Conceptually, it’s very reminiscent of the questions about viral mutation rates, although the technical barriers are quite different and (especially for RNA viruses!) the mutation rates are vastly different. For example, Hawks’ post talks about which edge of a two-fold range the human mutation rate falls on — between 2.5 x 10-8 and 1.1 x 10-8 mutations per site; in a table I’ve used before we see a ten-thousand-fold range for poliovirus error rate estimates.

Virus polymerase error rates
RNA virus mutation rates 2

I have to get my kids ready for school now, so I don’t have time to talk about the techniques here — it’s notable that sequencing, though much easier on the tiny viral genomes than on the much vaster human scale, hasn’t completely resolved the issue, though the variation gets smaller as sequencing technology gets getter.

Here are some of my previous posts that mention replication error and mutation rates …


  1. Whose blog you should all be reading[]
  2. CASTRO, C., ARNOLD, J., & CAMERON, C. (2005). Incorporation fidelity of the viral RNA-dependent RNA polymerase: a kinetic, thermodynamic and structural perspective Virus Research, 107 (2), 141-149 DOI: 10.1016/j.virusres.2004.11.004[]
November 3rd, 2010

Shield or target? A downside of immune evasion

T cells & herpes simplex
T cells (green) and herpesvirus-infected cells (red)
(from Akiko Iwasaki)

We know that lots of viruses, especially herpesviruses, block antigen presentation. The assumption has been that they are thereby preventing T cells from recognizing infected cells, though long-term readers of this blog1 will know that I’ve been puzzled about the details of this for quite a while.

A recent paper2 raises yet another complication for this pathway: In humans3 there are T cells that specifically recognize cells in which antigen presentation is blocked:

Our data indicate that the human CD8+ T cell pool comprises a diverse reactivity to target cells with impairments in the intracellular processing pathway2

If so, you might wonder why the viruses would bother blocking antigen presentation. They might avoid recognition by T cells specific for the viral proteins, but at the cost of being recognized and eliminated by the T cells that recognize antigen-presentation-defective cells.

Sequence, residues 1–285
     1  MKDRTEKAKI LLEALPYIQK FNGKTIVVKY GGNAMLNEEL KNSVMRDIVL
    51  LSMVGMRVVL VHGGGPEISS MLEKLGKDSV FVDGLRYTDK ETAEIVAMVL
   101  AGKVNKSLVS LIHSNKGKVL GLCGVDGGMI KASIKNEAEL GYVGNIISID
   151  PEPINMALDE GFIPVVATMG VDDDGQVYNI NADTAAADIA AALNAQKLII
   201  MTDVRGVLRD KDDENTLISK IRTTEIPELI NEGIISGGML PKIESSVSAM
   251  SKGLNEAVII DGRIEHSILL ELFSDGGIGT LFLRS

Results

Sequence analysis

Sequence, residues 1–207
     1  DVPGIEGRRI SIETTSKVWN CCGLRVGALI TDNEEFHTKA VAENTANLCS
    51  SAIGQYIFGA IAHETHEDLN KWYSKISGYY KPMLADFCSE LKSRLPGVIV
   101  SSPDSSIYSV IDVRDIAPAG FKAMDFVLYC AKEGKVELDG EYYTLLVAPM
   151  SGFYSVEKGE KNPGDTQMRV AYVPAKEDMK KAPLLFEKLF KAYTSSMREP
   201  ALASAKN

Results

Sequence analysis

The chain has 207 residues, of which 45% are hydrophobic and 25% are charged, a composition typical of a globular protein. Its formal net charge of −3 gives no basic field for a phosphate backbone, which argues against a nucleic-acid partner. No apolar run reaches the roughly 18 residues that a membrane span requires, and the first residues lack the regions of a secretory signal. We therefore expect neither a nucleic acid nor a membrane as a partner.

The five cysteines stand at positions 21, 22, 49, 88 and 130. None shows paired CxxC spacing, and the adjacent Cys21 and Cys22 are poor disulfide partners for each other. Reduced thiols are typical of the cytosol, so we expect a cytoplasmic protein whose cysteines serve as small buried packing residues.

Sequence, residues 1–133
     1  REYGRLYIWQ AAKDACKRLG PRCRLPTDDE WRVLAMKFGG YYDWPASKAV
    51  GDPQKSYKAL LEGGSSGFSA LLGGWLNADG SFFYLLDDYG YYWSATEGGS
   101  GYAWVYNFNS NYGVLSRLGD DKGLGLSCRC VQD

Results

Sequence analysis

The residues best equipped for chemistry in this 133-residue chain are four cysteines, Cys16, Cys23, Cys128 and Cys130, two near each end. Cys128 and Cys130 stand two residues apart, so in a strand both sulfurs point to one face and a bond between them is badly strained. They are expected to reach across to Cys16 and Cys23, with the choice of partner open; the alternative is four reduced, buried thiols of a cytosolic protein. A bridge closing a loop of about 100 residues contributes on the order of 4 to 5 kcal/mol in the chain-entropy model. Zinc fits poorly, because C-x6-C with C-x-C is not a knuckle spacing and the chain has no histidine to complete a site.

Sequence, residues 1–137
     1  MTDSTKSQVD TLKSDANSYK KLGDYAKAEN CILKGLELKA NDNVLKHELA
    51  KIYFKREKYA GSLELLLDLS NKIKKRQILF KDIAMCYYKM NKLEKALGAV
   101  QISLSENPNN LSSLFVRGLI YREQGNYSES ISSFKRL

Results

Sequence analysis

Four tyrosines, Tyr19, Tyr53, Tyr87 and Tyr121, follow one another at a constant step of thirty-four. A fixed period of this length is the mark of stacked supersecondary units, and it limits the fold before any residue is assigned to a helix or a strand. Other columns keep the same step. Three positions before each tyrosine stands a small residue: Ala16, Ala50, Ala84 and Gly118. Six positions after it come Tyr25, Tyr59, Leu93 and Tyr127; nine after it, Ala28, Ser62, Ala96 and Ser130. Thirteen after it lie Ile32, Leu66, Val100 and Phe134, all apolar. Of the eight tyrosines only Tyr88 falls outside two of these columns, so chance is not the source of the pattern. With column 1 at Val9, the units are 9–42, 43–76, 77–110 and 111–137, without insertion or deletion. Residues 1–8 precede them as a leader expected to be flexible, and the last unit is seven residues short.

As always, I don’t have an answer. I do have the unhelpful observation that viruses are incredibly subtle and efficient, and given that herpesviruses have apparently maintained the ability to block antigen presentation for some 400 million years it’s presumably useful to them. I’ll also add the even more unhelpful observation that immune systems are also incredibly subtle and efficient and have also persisted for 450 million years.

How Not to be Seen

However, there may be a clue in the techniques that Lampen et al used to turn up this subset of T cells: They used multiple rounds of stimulation, which is going to expand these cells massively. We don’t know how abundant they are inside a normal human – perhaps they are so rare that they don’t have a chance to impinge on herpesvirus infection early enough.

The catch with that, though, is that tumors also frequently get rid of antigen presentation via mutation; in fact, eliminating antigen presentation seems to be one of the most common forms of mutations in cancers, suggesting that it’s an important part of their ability to survive and expand in the face of immune attack. Tumors are immunologically present much longer than viruses ((Although herpesviruses set up a lifelong infection, most of that is generally in a non-immunogenic, latent form). So why doesn’t this long-term tumor presence lead to amplification of these antigen-presentation-deficient-specific T cells that would eliminate the tumor?

My guess here is that this is where TRegs come in. As I said in a recent post, TRegs are very commonly, if not universally, associated with tumors, and prevent immune attack on the tumor. I wonder if the tumors mutate to avoid T cell recognition early in their development, before they are able to trigger the TReg response; that allows them to grow large enough and long enough that by the time the presentation-defect-destroyers kick in, the tumors have their TReg defenders set up.  (I admit that this doesn’t account for the correlation between a tumor’s loss of antigen presentation, and poor prognosis, but I leave this as an exercise for the reader.)

And, of course, where either of these defense systems for the proto-tumor fails, we normally would simply not see any tumor at all. Perhaps this is happening all the time inside us — proto-tumors are being eliminated by T cells, some are mutating their antigen presentation pathway and lasting a little longer and are then eliminated by a different subset of T cells, and we never know it.


  1. If any[]
  2. Lampen, M., Verweij, M., Querido, B., van der Burg, S., Wiertz, E., & van Hall, T. (2010). CD8+ T Cell Responses against TAP-Inhibited Cells Are Readily Detected in the Human Population The Journal of Immunology DOI: 10.4049/jimmunol.1001774[][]
  3. As has been previously shown in mice[]